In some embodiments, the at least one bearing comprises a spherical bearing.

In some embodiments, the attached structure is selected from the group consisting of: a deck, awning, pergola and dock.

BRIEF DESCRIPTION OF THE DRAWINGS

For a better understanding of embodiments of the systems and methods described herein, and to show more clearly how they may be carried into effect, reference will be made, by way of example, to the accompanying drawings in which:

FIG. 1A is an exploded perspective view showing a support hanger assembly according to one embodiment;

FIG. 1B is a plan view showing a support hanger assembly according to one embodiment;

FIG. 1C is a side view showing a support hanger assembly according to one embodiment;

FIG. 2 is a perspective view showing a joist pivotally coupled to a fixed structure using a support hanger assembly according to one embodiment;

FIG. 3A is a plan view showing the joist bracket shown in FIG. 1;

FIG. 3B is a side view showing the joist bracket shown in FIG. 1;

FIG. 3C is an end view showing the joist bracket shown in FIG. 1;

FIG. 4A is a plan view showing a joist bracket according to an embodiment;

FIG. 4B is an end view showing the joist bracket shown in FIG. 4A;

FIG. 4C is a side view showing the joist bracket shown in FIG. 4A;

FIG. 5A is a plan view showing a support bracket shown in FIG. 1;

FIG. 5B is a side view showing a support bracket shown in FIG. 1;

FIG. 5C is an end view showing a support bracket shown in FIG. 1;

FIG. 6A is a plan view showing a support bracket according to an embodiment;

FIG. 6B is an end view showing the support bracket shown in FIG. 6A;

FIG. 6C is a side view showing the support bracket shown in FIG. 6A;

FIG. 7 is an end view showing two or more joists pivotally coupled to a fixed structure using a support hanger assembly according to one embodiment;

FIG. 8A is a plan view showing a support hanger assembly according to one embodiment;

FIG. 8B is a side view showing the support hanger shown in FIG. 8A;

FIG. 8C is a plan view showing a support hanger assembly according to one embodiment;

FIG. 8D is a side view showing the support hanger shown in FIG. 8C;

FIG. 9 is a perspective view showing a joist pivotally coupled to a fixed structure using the support hanger assembly of FIG. 8A;

FIG. 10A is a perspective view showing a joist bracket according to an embodiment;

FIG. 10B is an end view showing the joist bracket shown in FIG. 10A;

FIG. 10C is a side view showing the joist bracket shown in FIG. 10A;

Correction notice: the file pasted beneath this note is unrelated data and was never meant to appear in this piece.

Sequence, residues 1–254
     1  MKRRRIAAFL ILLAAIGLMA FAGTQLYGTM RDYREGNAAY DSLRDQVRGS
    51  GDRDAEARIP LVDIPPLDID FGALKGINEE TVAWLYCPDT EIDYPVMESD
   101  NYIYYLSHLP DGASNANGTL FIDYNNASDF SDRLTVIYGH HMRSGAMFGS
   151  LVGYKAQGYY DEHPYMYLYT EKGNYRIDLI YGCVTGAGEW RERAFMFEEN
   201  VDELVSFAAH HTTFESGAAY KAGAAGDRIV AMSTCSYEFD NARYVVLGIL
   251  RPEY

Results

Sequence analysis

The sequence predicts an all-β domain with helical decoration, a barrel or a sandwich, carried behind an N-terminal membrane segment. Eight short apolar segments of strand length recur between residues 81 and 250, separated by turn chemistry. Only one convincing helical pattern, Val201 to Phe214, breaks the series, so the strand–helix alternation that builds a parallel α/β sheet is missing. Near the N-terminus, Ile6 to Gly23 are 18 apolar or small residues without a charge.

FIG. 10D is a perspective view showing a joist pivotally coupled to a fixed structure using a support hanger assembly according to one embodiment.

DESCRIPTION OF EXEMPLARY EMBODIMENTS

The construction industry has utilized many types of fixed support hangers to support joists or other types of structural members, light metal framing hangers or joist hangers being perhaps the most common example. However, fixed support hangers do not allow for relative movement between the attached structural members. In fact, support hangers are often designed to minimize or eliminate relative motion between the attached structural members.

For example, a typical joist hanger comprises a rigid frame for securing a joist to a supporting member; once the joist hanger has been secured to both the joist and the supporting member (typically by nailing), relative motion between the joist and the supporting member is prevented. While some support hangers provide for a limited degree of relative movement between a joist and a supporting member during installation (e.g. to adjust the slope and/or skew between the joist and the structural member), these support hangers are designed to provide a fixed, rigid connection following installation.

However, in some situations it may be desirable to provide a pivoting connection to allow relative movement between a joist and a supporting member following installation.

For example, in regions with soil susceptible to frost heaving, it may be desirable to provide a continuously pivoting connection between a fixed structure such as a house and the floor joists of an attached structure such as a deck, awning, pergola or dock, so that a support pier for a distal end of the attached structure (i.e. distal to the connection between the fixed structure and the attached structure) can be vertically displaced relative to the fixed structure without significant torque being transferred to the fixed structure.

To prevent structural damage resulting from frost heaving, foundations typically include footings located below the frost line. In many jurisdictions, local building codes provide minimum requirements for the design and installation of foundations in frost susceptible soil; these minimum requirements are generally more onerous than for foundations in non-frost susceptible soil.

To reduce the potential impact of frost heave, it is common practice that when attaching a new structure, such as a deck, to a structure comprising a frost heave-resistant foundation, such as a house, using a rigid connection (e.g. a connection using rigid support hangers), the foundation for the new structure is also provided with a frost heave-resistant foundation. This may be a building code requirement in some jurisdictions. For example, if a deck is attached to a house—either as part of a new house construction, or as a subsequent addition—all of the deck supports may require frost heave-resistant piers and footings. In most cases, installing frost heave-resistant footings adds significant complexity and cost to the installation of a deck.

If distal deck footings are not provided with frost heave-resistant foundations, the relative vertical motion between these deck footings and the structure to which the deck is attached (due to frost heave) may impart a significant torque to the rigid connection between the deck joists and the structure to which the deck is attached. This torque may cause distress to the fixed structure and/or the deck.